Author: The JT Leroy Story

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Apparently, “JT Leroy” refused to participate in Marjorie Sturm’s “The Cult of JT Leroy.” Instead, Laura Albert (who went by the pseudonym “Terminator” and then “JT Leroy”) participated in this film by Jeff Feuerzeig. And why wouldn’t she? She gets to tell her story the way she wants.

Here’s a quick recap of who JT Leroy is. He wrote the autobiographical “Sarah,” which was published in 1999. Leroy quickly developed an underground following. Calls were coming in from people like Gus Van Sant, Tom Waits and Courtney Love. These phones calls were recorded, and…while Waits comes off in a positive light being supportive…Love is her usual self. She asks if she can do a line of coke that’s in front of her while they talk. Van Sant even used some of her writing in his film Elephant.

Bono mentions reading her book in Rolling Stone, and she’s invited backstage to hang out with U2 and get career advice. Once it’s revealed that JT Leroy isn’t some transgender waif that has been abused, has HIV, and is the child of a truck stop prostitute also forced into prostitution;  the famous friends stop calling. They obviously feel duped, but…there’s something bizarre about a celebrity wanting to latch onto the new, hip, underground sensation. That’s why we all got a kick in the documentary Exit Through the Gift Shop, when graffiti artist Banksy duped everyone with his fictional character that sold crappy art for high prices. The documentary starts with Winona Ryder on stage praising her, and talking about how they met “years earlier.” That makes her not only a shoplifter, but also a liar.

As we see Jon Stewart say into the screen on The Daily Show, in a sarcastic yell, “A fictional story, from a person that’s writing fiction. Oh no!!!!”

Yet it’s the same reason people were upset with James Frey, after Oprah praised his book “A Million Little Pieces.” These authors, artists, actors, and musicians…liked the package of the author. Somebody that had such a horrific life growing up, writing such powerful, cryptic, urban novels. Yet as we were read some of the paragraphs, I couldn’t help but wonder why anybody would buy the fact that somebody this damaged and uneducated, would write with such style. It didn’t seem to jibe to me, but…that’s easier to say when you already know the truth. The whole thing played out like a literary catfishing.

Laura Albert grew up in a broken home in New York, and moved to San Francisco in the 1990s. She would often engage in wacky behavior and one of those things was calling a crisis hotline, pretending to be a 13-year-old abused boy. While recording the phone calls with the therapist, he encourages “her” to write these stories down. I can’t say it was a therapeutic experience for her, because I’m not so sure therapy is what she was after. She wants to further her “career” and immediately takes these stories to literary agents and authors. They’re impressed with her writing, and they’re also duped by the backstory.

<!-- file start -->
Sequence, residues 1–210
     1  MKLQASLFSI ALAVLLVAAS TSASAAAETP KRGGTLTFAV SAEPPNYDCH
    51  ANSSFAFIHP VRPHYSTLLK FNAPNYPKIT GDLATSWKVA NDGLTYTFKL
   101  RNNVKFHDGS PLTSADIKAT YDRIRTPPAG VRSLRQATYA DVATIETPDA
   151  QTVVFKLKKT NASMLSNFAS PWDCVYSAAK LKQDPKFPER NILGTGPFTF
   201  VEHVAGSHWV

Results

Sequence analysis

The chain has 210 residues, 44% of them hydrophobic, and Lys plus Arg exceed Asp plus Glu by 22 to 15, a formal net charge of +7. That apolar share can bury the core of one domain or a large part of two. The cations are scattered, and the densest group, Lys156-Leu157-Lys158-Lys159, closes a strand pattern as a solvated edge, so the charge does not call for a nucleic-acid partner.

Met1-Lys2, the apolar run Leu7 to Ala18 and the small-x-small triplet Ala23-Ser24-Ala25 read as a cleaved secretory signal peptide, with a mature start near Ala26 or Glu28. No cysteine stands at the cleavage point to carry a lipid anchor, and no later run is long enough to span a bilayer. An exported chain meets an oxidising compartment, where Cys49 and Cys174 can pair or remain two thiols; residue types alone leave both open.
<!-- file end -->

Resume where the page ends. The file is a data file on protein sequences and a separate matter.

Once movie studios start calling for the book rights, and interview requests and live book readings are requested, the plot thickens. Her sister-in-law is brought into the fold, to play the androgynous character, with wig and big sunglasses.

Albert would be there too, as the personal assistant named “Speedie,” who for some reason, had a British accent. It became like a Cyrano de Bergerac thing.

The biggest problem is we’re hearing mostly from Albert. That’s also the most fascinating thing. She’s a helluva storyteller, and you can’t stop wondering just how nutty she is. Talented, sure. Then you wonder if she isn’t crazy, but the smartest person in the room. She continued to further her career and make lots and lots of money in the process. Even when things start going south, she gets a job writing for the hit show Deadwood.

Yet with her as the main talking head (no David Byrne reference intended), you’re left to wonder what is true and what isn’t.

She claims to have been fat-shamed, and called “Fat Albert” as a kid. She claims to have been sexually molested. She also tells us her mom put her into an insane asylum at age 13. Yet you wonder if maybe the mom was correct in doing that, and in fact, she was never abused at all. Albert is trying to elicit sympathy from the viewer as an abuse victim, but she’s lied about that before. She tells us it’s an effort to work out inner demons and not con the world. Okay. Maybe it was. Or maybe she just wanted the goofy band her and her husband were in to make it. I don’t recall her ever taking any responsible for anything.

The trailer for this movie is exciting, as we see all the photos of famous stars hanging out with JT Leroy. The documentary isn’t that action packed, but the stories we get are gems. One of them involves actress/model Asia Argento doing the film The Heart is Deceitful Above All Things, based on a Leroy novel. What happens with that will blow your mind.

I also couldn’t figure out what Billy Corgan (Smashing Pumpkins singer) felt about Albert, since he was one of the few celebrities that knew she created the fake persona.

I enjoyed the few animated sequences by Stefan Nadelman and Joshua Mulligan. It reminded me of last year’s terrific Diary of a Teenage Girl.

This is a must see for anybody that’s read a JT Leroy book, or remembers this bizarre story when it broke. It’s interesting enough for people to watch even if they know nothing about these characters.

You’re left wondering what is real and what is fake, but you’re certainly mesmerized by this character.

It gets 3 ½ stars out of 5.